Many years ago, around the time that the Boys of Summer won their only World Series, the NIT was the bigger deal. You had to be invited to play in that tournament, and, as such, it had more prestige than the NCAA Tournament. Since the early 1960's, when the NIT let the NCAA invite teams to the latter's tournament first, the NIT has skiied downhill with little chance of reversing its momentum. Primary evidence of college hoops gravity (something that even Jim Harrick, Jr. couldn't have tested in his classic test for his college hoops course while at Georgia).
The NIT, a vestige of when NYC viewed itself as the center of the college hoops universe (in addition to being the center of the universe for virtually everything else), believed that the NCAA wanted to push it under the bus. So, it filed a lawsuit, claiming that the NCAA had created a monopoly in violation of the antitrust laws. Suffice it to say that the NIT believed that since it couldn't win on the court, it had to win in court.
We do live in a litigious society, and you could argue that the NIT went into court because it knew it was licked on the court. In other words, file a lawsuit, give the NCAA a pack of trouble, and then get a good settlement. Or, you could argue that the NIT was backed into a corner (by an entity that was trying to corner the market) and rightly sought redress in the courts because it had no chance to win on the court. Litigants who have nothing to lose can be dangerous, and the NIT, given its scrawny status when compared to the NCAA post-season Big Dance, had very little to lose except for its legal bills (and it's an open question whether its lawyers pursued the case on contingent fee basis or not). On the other hand, while desperate litigants can pose trouble, if they don't have much of a case, then the other side simply has to wait them out (and spend a bunch of money in the process). No matter how you look at it, prolonged litigation probably wouldn't have benefited either side in the long run.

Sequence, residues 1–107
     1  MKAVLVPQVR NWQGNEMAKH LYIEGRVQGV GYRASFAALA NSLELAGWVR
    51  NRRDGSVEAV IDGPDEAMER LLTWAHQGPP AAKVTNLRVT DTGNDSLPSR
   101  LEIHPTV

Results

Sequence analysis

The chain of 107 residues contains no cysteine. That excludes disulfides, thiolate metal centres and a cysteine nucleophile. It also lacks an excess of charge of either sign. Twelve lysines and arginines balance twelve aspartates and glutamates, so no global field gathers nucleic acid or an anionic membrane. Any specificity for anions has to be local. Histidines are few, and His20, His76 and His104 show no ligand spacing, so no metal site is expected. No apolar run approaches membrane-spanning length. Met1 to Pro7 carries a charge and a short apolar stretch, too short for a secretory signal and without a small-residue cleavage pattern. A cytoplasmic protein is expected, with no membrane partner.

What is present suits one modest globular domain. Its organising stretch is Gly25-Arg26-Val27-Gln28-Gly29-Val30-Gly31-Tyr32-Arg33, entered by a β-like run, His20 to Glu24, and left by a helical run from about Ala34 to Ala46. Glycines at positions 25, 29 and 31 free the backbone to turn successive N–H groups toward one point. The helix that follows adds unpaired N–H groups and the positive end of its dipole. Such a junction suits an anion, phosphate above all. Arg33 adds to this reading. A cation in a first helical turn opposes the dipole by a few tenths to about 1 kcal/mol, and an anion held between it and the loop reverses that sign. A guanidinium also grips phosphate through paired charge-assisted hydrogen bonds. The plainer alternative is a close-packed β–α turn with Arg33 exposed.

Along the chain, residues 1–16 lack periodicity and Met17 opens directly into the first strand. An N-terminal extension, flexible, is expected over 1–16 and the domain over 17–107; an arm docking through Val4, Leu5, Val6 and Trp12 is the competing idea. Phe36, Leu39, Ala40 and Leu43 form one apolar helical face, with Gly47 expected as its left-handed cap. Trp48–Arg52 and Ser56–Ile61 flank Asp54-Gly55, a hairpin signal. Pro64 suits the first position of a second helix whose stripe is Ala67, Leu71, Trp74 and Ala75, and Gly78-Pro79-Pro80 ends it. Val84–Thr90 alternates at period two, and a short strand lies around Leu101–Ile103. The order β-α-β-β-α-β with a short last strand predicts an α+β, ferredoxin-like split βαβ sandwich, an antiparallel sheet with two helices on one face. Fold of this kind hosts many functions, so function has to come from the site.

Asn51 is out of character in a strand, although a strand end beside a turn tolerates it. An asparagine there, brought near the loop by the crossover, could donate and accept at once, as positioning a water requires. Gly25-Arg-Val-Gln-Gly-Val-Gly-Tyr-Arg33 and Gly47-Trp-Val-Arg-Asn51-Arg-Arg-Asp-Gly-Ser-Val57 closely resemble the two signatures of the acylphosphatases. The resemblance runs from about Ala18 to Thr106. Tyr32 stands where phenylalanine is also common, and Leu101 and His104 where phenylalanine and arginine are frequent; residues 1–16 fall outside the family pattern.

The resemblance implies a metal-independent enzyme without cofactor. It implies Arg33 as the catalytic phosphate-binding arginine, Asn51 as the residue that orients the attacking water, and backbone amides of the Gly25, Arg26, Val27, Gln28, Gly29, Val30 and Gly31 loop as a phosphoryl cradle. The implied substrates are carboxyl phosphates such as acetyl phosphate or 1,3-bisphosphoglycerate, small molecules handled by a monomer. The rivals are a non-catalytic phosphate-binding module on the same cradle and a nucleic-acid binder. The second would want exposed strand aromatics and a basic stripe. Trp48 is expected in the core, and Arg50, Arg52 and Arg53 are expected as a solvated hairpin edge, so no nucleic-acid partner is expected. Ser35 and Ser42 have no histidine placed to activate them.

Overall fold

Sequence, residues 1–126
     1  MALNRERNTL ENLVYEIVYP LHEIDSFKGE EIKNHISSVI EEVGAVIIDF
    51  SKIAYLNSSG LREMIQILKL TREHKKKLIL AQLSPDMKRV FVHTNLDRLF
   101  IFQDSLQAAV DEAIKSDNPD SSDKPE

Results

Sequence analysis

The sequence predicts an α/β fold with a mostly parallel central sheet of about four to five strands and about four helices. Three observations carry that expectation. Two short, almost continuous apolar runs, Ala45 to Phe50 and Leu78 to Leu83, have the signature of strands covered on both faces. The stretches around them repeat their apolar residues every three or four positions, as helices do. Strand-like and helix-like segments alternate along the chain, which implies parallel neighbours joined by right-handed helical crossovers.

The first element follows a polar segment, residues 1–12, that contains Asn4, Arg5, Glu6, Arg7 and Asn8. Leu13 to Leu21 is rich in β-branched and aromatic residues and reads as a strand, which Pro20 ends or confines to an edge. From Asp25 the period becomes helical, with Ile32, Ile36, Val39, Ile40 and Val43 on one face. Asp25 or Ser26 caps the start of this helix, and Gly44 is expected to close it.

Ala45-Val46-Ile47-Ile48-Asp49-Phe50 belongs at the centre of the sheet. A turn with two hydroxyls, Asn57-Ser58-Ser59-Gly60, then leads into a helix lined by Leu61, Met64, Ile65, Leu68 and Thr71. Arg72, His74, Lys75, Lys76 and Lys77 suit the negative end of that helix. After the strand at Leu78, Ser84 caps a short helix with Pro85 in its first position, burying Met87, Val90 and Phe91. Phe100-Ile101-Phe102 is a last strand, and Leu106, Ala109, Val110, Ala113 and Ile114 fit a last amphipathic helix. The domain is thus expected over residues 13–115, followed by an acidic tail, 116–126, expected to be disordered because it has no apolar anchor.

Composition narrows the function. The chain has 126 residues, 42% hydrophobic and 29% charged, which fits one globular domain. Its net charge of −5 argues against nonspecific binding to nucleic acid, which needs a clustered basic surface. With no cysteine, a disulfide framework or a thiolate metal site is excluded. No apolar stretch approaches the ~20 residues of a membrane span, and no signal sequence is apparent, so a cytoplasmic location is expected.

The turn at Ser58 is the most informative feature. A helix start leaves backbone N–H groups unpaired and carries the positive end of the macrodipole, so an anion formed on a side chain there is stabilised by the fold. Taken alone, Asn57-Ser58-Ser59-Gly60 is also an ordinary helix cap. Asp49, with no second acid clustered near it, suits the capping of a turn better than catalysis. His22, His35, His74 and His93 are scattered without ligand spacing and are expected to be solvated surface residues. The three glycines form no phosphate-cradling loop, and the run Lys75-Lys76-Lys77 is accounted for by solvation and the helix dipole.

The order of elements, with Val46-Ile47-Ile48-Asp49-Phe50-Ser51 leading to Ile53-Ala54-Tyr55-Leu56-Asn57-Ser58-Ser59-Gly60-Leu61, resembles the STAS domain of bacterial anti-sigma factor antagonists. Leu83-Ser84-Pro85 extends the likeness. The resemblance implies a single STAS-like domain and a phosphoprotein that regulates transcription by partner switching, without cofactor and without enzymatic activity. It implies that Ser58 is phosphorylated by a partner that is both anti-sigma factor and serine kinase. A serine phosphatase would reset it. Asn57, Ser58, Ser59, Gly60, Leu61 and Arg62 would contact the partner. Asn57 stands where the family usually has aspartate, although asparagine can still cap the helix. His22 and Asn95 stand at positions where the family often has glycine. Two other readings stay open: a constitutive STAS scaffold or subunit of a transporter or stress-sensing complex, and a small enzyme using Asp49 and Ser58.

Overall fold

In any event, the NCAA and NIT have decided to settle their lawsuit. That detail came out last night. What just came out today is that the settlement might involve the NCAA's buying the NIT. That's what USA Today is reporting today.
Professor Michael McCann of the Sports Law Blog has an excellent take on the situation as well (he posted before the news broke that the NCAA might purchase the NIT). The settlement bears watching. If, on the one hand, the NIT claimed that the NCAA was trying to monopolize college hoops by trying to put it out of business, how can the parties justify the settlement in light of the monopolization argument if the NCAA buys the NIT? The answer probably lies somewhere within the recesses of the bright minds representing the NCAA, who will argue that the NCAA doesn't have a monopoly over college hoops and won't after what they will deem to be this insignificant purchase.
If the NCAA purchases the NIT, what will happen to the NIT-sponsored events? Will there be a post-season tournment for those also-rans who didn't make it into the NCAA tournament? Or will the NCAA simply expand its post-season tournament to 128 teams (or at least a 128-team bracket populated by 96 teams, thereby giving 32 conference champions or the Top 32 ranked teams in the country a first-round bye)? After all, those who do mergers and acquisitions for a living look for synergies, and it doesn't appear on its face that the NCAA would want to run two separate post-season tournaments. Think of the attractiveness of a longer March Madness period. The possibilities could be very lucrative for the NCAA, while eliminating the distraction of the NIT.
As for the pre-season NIT, who knows? That seems to be an exciting tournament, although it transpires so early in the season that many well-rounded sports fans are still paying attention to their favorite college and professional football teams. That tournament might be worth keeping.